Facing Cancer, Waltham WWII Vet Keeps War History Alive [VIDEO]
World War II veteran Ralph Langill, of Waltham, recently donated his Marine Corps gear for display at a local recruiting station.
Long after Ralph Langill is gone, his images and memories of World War II will be on display to educate Waltham residents.
Langill, an 86-year-old World War II veteran living in Waltham, recently doanted several items he brought back from his war service to the U.S. Marine Corps Recuriting Station in Waltham. Langill, who originally hails from Newton, is facing terminal liver cancer and other health problems.
Knowing he might not live long after receiving his diagnosis in 2011, Langill said he wanted to do something to keep the war's memory alive. So, he turned to his friend, Bruce Narasin, to help him arrange donating the items to the Marine station until they can find a permanent home at a Marine Corps Museum. For now, the items — discharge papers, a foot locker and other memoribilia — are on display at the Marine station.
“For one thing, World war II people are dying off … I'm 86 myself right now, I don’t have long to go. I just wanted to keep the World War II [memory alive].”
The bayonet Langill donated evoked vivid memories of how he took it and other items off Japanese soldiers who were surrendering as the war was ending. Langill, a water treatment specialist attached to a Marine Air Group deployed to the Marshall Islands, Guam and Japan, said he was one of the first soldiers to arrive in the area to complete the surrender process. Langill, a Private First Class, recalled how Japanese soldiers put down their rifles, bayonets and swords. Langill said he brought some of the gear back to the United States upon returning in 1946.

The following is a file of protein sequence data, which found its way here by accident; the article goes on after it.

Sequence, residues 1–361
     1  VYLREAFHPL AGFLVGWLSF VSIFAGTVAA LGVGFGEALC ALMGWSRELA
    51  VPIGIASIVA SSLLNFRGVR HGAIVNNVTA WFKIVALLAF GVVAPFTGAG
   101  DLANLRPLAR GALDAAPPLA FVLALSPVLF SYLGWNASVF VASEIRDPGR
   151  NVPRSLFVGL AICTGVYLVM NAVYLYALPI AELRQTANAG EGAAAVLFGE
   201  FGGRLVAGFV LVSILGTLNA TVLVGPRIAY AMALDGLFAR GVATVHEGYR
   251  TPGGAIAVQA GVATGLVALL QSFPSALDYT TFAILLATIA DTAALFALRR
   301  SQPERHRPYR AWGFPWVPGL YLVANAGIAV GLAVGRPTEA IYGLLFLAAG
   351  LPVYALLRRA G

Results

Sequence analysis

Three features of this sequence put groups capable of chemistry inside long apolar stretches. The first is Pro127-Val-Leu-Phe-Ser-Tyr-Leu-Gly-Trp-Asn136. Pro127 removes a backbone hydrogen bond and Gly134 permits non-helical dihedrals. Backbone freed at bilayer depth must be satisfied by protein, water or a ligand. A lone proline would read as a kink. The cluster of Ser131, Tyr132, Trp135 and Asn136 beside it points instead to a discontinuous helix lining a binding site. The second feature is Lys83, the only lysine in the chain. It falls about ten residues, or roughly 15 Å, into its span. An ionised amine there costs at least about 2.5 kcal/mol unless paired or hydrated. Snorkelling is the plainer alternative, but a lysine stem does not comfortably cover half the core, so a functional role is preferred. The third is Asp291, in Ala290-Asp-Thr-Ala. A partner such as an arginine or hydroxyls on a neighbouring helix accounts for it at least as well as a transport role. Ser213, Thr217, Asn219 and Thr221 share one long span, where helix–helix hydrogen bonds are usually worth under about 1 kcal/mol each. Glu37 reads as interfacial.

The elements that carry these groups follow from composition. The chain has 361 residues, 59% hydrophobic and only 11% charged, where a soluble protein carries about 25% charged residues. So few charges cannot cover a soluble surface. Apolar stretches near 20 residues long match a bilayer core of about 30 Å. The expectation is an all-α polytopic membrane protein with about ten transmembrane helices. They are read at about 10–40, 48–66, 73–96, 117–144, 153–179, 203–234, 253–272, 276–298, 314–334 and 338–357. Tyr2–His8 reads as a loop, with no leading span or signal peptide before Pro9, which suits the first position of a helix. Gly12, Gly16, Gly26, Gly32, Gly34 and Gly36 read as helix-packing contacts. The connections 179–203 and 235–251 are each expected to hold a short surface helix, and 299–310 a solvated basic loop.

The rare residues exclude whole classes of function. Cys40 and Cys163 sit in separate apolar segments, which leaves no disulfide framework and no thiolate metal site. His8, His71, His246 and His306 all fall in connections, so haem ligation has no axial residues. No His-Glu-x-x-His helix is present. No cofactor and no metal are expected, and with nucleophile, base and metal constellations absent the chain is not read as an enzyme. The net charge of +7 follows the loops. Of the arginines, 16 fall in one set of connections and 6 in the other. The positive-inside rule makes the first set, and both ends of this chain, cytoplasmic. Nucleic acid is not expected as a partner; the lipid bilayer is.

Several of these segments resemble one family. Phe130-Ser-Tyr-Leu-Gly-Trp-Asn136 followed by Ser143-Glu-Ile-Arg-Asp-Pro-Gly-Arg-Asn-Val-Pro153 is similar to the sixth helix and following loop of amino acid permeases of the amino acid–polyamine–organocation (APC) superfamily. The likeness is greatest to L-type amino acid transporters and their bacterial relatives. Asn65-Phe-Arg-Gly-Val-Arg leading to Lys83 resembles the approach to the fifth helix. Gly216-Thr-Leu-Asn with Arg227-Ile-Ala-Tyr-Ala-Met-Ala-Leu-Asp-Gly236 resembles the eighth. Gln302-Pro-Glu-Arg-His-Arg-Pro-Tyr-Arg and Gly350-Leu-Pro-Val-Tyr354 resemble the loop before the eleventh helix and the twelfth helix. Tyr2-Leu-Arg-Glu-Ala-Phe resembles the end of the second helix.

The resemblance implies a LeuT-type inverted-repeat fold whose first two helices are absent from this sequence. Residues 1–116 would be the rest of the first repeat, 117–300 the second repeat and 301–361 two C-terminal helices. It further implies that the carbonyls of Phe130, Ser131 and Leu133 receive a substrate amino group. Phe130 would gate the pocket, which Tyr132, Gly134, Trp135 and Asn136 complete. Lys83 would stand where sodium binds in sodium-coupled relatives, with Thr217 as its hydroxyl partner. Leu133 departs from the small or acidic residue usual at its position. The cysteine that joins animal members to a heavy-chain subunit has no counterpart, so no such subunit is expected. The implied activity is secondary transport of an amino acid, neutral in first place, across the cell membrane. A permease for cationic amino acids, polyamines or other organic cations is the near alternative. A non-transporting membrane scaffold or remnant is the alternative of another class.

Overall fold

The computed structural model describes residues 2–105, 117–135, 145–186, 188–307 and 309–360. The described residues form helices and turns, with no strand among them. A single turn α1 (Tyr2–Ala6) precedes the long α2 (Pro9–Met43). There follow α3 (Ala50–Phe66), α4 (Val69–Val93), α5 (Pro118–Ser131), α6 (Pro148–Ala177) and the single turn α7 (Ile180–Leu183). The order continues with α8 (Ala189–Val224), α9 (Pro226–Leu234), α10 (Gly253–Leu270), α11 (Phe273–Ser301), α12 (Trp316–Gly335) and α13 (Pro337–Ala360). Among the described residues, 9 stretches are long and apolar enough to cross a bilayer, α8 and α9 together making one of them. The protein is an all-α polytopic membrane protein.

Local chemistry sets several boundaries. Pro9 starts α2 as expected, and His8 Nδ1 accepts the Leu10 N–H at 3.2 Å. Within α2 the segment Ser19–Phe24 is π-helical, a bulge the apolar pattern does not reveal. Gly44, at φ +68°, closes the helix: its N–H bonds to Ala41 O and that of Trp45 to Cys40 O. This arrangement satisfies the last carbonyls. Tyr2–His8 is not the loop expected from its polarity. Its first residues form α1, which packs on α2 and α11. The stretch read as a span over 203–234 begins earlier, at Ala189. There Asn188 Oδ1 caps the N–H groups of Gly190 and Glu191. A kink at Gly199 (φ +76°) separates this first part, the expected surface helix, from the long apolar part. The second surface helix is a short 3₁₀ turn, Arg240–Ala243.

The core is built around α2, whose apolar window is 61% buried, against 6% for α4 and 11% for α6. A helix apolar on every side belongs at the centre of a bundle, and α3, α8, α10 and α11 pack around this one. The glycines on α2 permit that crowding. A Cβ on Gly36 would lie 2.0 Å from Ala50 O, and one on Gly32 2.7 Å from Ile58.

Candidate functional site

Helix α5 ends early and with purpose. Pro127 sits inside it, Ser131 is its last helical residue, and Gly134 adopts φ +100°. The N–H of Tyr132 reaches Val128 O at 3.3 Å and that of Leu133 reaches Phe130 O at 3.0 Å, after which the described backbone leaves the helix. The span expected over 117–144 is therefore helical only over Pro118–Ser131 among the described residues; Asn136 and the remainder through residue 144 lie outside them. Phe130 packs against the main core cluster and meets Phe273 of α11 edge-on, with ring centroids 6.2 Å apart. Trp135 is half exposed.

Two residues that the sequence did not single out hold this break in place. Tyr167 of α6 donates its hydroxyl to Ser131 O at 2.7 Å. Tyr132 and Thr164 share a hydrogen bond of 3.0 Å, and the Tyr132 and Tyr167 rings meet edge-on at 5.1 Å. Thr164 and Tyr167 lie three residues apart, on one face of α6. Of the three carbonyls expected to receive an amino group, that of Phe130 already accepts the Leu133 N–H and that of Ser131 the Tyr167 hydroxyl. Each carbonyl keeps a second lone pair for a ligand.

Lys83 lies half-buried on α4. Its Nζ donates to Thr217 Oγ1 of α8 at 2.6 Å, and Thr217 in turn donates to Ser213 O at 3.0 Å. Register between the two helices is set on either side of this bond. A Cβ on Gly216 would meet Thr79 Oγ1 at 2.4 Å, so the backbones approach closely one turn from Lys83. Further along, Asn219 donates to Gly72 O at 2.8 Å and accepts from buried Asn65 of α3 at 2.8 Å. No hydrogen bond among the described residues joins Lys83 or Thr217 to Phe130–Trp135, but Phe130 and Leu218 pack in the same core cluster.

Langill stored some of his battle gear in a beautiful wooden chest, also now on display at the Marine station in Waltham. Langill had the chest made out of California Redwood trees around 1944 and later had it shipped to him overseas, according to Narasin.
Langill's enlistment and discharge papers, along with replica photos of General Douglas MacArthur signing the final surrender document aboard the U.S.S. Missouri, are also on display.
The items will help current and future Marines better understand war and the committment they face in serving their country, said Marine Corps Staff Sgt. Jonathan Weibring, a recruiter at the Waltham station who helped arrange the donation.
"Outstanding spirit. He is definitely a fighter and a true Marine at heart," Weibring said.